Palmer isn’t content to simply present plays as they were. A prolific adaptor, his shows present stories that would challenge veteran theatergoers and the uninitiated alike. One month you might see a fairly straightforward take on “The Glass Menagerie.” Another, you might be presented with an all-male “Romeo & Juliet.” Classics have been reinterpreted in the civic plaza as kabuki dances or glam-rock farces.

It’s challenging, original theater that has captivated — and sometimes enraged — theater fans at home and throughout the area.

“We really pushed the envelope and explored the text that was unusual and surprising,” says Palmer. “Most people loved it, but we got a lot of pushback from people who were angry and frustrated with the way that we ended that story. But we got people talking and debating. And that doesn’t happen all the time in theater. That it happens almost every single Bag&Baggage show, that means we’re doing something right.”

Reaching out to students

Along with contributions from some of the area’s largest organizations — including the Meyer Memorial Trust, the Oregon Community Foundation, and others — Bag&Baggage has been funded by individual donors, a further vote of confidence from within the community it serves.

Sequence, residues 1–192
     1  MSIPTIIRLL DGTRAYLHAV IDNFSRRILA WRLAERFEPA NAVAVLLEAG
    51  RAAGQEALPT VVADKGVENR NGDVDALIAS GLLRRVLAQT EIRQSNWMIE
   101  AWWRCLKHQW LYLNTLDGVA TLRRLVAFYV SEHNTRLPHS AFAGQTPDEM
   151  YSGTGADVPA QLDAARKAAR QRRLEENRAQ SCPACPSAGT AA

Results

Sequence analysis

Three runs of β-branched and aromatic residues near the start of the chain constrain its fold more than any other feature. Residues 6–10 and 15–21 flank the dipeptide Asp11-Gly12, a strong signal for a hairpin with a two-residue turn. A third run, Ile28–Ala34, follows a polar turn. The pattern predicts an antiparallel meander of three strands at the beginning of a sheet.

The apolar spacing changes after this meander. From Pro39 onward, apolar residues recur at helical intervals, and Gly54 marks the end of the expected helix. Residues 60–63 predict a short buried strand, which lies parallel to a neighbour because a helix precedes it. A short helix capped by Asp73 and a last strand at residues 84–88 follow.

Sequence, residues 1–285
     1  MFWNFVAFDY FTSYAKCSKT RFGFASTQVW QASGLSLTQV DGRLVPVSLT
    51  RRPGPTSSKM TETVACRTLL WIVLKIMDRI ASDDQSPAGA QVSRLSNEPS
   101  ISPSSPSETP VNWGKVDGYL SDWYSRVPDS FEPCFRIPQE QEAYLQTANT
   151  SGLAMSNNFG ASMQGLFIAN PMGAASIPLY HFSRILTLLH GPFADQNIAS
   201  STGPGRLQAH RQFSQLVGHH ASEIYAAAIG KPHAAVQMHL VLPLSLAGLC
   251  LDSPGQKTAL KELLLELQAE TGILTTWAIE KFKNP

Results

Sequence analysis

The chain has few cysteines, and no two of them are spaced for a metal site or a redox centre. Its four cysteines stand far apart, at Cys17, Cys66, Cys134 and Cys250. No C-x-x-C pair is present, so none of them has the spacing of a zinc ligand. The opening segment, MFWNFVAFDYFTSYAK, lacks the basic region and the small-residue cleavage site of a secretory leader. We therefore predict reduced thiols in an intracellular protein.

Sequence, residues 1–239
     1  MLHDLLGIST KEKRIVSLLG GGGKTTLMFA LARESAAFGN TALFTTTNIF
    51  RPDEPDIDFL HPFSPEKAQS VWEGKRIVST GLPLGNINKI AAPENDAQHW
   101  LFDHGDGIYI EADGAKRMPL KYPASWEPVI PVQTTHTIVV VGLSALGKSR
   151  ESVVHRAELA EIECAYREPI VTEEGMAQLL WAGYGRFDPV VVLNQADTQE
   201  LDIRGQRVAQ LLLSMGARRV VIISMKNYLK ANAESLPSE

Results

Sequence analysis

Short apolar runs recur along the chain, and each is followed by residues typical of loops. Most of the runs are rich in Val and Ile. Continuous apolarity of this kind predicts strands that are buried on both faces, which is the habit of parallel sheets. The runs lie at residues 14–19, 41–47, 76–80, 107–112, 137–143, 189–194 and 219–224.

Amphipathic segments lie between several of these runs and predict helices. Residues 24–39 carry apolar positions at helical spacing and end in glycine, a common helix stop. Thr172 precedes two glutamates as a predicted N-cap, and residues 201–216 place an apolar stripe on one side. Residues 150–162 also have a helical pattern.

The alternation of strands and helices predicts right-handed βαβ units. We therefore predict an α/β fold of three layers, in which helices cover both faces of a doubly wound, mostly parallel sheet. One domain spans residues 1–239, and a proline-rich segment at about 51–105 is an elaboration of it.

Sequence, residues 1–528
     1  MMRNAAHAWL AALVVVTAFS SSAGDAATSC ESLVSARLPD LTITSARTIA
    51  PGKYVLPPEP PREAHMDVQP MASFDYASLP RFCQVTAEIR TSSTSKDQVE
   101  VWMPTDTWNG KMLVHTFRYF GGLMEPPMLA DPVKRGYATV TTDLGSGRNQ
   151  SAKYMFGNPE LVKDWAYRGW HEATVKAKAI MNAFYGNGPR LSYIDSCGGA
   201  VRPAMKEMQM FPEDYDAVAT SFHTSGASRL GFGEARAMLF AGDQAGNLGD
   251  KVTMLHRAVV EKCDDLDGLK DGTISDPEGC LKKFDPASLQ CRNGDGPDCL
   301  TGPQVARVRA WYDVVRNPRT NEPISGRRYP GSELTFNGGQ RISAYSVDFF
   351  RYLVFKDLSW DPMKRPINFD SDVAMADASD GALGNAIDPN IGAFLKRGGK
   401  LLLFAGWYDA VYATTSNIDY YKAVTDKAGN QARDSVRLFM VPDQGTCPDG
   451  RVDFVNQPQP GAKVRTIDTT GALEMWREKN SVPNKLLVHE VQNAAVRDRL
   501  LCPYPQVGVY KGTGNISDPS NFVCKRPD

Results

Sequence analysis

Now, looking forward, the goal is to cement B&B’s place in the community through increased educational outreach: It already provides free tickets to area high school students through its Ten4One program and Palmer says he hopes to increase actual arts education for students. In addition, goals include adding more shows, establishing a Shakespeare festival in the city, creating more positions within the company, and increasing the cast and crews while simultaneously increasing the downtown economic profile by drawing patrons from throughout the region.

“The organization believes that a theater company has a place in the broader community. “We understand our role as advocates for culture, access, education, economic development, and cultural tourism. We don’t exist in a vacuum,” says Palmer. “We take our responsibility as an organization and member of the community very seriously.”

A surprise ending

Throughout the past five years, Bag&Baggage’s profile may have changed, but one thing that Palmer says will never change is the group’s goal of challenging patrons with works such as an original adaptation of “The Velveteen Rabbit” featuring work by Tears of Joy Theater.

That one’s less likely to ruffle feathers than Palmer’s recent adaptation of “Of Mice and Men,” which drew gasps with a conclusion that radically changed the fate of one of the most beloved characters in modern American history.

But that’s the point.

“We’re really pushing the envelope in a way that’s high quality. If you’re not pushing boundaries, if you’re not challenging your audience and being a little provocative, you’re not doing theater,” says Palmer.

“During ‘Of Mice and Men’ somebody came up to me and said ‘Oh my gosh, I loved this. The only one I liked more was ‘The Importance of Being Earnest’, which was the final show of our first season,” Palmer says. “If he said ‘Oh my gosh, I loved this show. You guys are doing a hell of a lot better than you were the first show,’ I would have expected that. But people still reference our early shows. I love that, and we’re going to keep working to make sure it’s as good as humanly possible,” he notes.